Hundreds of thousands of people are expected to use the electronic system to make the Jan 31 deadline this week.

Tax records contain bank details, national insurance numbers, salary and details on investments and savings - all valuable to fraudsters.

On Friday, senior accountants said they had concerns over the security of the system - apparently confirmed by the Revenue’s secret policy.

Mike Warburton, of the accountants Grant Thornton, said: “Either the Revenue have a system which can guarantee confidentiality for all or they should defer plans to force online filing. It is extraordinary that MPs and others can enjoy higher security.”

Mark Wallace, of the Taxpayers’ Alliance, said: “This double standard is unacceptable. If the online system is not secure enough for MPs, why should ordinary taxpayers have to put up with it?”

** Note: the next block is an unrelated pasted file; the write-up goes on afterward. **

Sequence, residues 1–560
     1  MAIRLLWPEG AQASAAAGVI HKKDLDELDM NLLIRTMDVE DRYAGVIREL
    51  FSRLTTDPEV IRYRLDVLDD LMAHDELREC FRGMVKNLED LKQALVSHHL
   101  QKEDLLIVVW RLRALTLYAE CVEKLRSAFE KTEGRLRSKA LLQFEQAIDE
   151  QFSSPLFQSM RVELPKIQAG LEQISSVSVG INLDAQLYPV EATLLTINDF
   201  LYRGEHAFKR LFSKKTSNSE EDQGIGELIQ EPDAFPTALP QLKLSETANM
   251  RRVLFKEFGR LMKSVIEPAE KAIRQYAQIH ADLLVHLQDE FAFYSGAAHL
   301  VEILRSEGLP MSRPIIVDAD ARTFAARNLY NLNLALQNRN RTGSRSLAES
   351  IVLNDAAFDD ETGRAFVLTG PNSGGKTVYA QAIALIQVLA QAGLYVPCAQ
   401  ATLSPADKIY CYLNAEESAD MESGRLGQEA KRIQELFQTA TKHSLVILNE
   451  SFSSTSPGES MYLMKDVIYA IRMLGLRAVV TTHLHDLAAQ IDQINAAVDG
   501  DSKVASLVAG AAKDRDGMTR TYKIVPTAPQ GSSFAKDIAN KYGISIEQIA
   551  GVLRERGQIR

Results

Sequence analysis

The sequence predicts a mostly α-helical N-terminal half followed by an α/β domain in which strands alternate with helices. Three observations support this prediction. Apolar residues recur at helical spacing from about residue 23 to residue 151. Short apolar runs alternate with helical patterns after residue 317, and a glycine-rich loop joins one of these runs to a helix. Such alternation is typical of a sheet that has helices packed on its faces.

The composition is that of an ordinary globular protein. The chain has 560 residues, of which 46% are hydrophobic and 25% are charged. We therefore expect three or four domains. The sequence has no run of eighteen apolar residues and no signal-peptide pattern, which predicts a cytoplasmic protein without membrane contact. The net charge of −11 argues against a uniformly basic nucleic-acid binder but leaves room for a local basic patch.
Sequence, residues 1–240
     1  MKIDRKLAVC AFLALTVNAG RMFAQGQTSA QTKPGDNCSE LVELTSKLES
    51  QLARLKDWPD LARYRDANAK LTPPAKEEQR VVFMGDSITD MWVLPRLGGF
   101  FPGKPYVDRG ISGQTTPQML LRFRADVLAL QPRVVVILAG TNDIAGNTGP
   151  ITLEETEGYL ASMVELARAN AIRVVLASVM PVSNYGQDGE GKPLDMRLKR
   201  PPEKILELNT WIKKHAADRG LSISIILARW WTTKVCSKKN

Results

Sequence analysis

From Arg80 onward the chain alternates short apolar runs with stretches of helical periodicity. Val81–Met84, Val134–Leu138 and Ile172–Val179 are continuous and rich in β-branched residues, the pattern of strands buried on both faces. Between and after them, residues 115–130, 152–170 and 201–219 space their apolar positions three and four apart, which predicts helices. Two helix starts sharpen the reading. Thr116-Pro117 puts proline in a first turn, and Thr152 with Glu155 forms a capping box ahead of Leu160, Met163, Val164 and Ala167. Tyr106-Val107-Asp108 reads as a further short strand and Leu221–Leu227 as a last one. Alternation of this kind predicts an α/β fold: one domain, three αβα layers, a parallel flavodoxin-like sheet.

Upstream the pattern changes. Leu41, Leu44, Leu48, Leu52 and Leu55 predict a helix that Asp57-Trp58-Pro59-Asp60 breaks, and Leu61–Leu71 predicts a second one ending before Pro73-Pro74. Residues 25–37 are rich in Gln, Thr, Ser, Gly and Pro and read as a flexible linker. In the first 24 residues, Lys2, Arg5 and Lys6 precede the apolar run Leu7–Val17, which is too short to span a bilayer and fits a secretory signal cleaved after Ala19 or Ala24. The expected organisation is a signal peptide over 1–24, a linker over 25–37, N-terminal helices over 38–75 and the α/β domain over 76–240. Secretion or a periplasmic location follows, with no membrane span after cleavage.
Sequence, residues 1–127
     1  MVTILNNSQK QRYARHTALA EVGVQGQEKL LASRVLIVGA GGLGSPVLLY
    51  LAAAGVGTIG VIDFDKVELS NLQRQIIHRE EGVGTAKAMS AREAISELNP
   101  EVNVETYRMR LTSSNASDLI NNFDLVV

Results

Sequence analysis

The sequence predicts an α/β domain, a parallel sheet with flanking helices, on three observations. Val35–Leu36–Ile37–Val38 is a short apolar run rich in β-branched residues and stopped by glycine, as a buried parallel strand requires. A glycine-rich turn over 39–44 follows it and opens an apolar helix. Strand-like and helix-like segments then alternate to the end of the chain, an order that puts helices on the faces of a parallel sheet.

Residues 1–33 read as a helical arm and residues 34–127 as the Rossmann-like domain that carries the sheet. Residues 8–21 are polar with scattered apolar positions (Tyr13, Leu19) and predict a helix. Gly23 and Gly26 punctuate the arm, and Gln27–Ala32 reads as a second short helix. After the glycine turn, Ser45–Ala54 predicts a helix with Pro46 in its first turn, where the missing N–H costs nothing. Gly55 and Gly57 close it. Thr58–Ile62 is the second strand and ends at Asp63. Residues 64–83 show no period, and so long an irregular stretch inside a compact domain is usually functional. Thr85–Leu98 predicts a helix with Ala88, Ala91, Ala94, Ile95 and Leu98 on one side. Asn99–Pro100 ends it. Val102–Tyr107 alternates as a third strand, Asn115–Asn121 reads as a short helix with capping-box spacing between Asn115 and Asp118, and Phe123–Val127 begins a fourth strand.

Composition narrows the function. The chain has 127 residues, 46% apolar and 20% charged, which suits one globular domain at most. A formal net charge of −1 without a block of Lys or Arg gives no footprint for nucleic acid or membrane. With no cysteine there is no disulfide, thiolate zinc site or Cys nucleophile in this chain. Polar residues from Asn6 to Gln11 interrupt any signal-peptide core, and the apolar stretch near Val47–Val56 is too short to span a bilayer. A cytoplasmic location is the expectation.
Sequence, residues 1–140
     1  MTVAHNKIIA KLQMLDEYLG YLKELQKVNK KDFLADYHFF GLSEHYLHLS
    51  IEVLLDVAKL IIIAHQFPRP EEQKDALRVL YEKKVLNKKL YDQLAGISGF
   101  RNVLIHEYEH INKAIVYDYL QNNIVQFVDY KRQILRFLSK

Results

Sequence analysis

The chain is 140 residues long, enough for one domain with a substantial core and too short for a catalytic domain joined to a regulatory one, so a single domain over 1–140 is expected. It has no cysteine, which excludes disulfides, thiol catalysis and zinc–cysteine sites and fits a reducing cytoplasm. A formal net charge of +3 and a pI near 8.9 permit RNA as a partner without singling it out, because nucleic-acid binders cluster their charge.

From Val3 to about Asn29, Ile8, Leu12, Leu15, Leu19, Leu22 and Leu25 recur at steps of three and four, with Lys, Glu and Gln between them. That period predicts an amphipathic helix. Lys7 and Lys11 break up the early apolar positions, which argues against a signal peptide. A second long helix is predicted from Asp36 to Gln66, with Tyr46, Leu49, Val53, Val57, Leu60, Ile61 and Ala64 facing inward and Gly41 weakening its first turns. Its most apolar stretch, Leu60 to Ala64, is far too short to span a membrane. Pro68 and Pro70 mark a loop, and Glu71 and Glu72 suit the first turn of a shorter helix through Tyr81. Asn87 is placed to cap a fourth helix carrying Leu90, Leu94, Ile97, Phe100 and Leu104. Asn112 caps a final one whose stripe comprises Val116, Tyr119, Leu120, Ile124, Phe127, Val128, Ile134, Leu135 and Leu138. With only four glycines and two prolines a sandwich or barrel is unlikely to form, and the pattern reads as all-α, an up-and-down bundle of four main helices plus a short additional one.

This is of course the same HMRC who lost 25 million child benefit records. Why should anyone, famous or otherwise, trust these people or their online system to keep their personal data safe?

What’s going on with Britain’s National Identity Scheme?

Posted by James Hammerton @ 10:23 pm on 25 January, 2008.
Categories privacy and surveillance, British politics, the database state.
Edit This Permalink to this article

Recently there have been a number of headlines related to Britain’s National Identity Scheme, apparently due to the Tories obtaining leaked Home Office documents relating to the scheme. The headlines concerned have suggested both delays, the possibility of the scheme being shelved and possible extensions to the scheme. Below are some examples:

So what is going on? Has the scheme been delayed? Has it been extended? Will it be shelved?
(more…)

Happy 2008!

Posted by James Hammerton @ 6:42 pm on 5 January, 2008.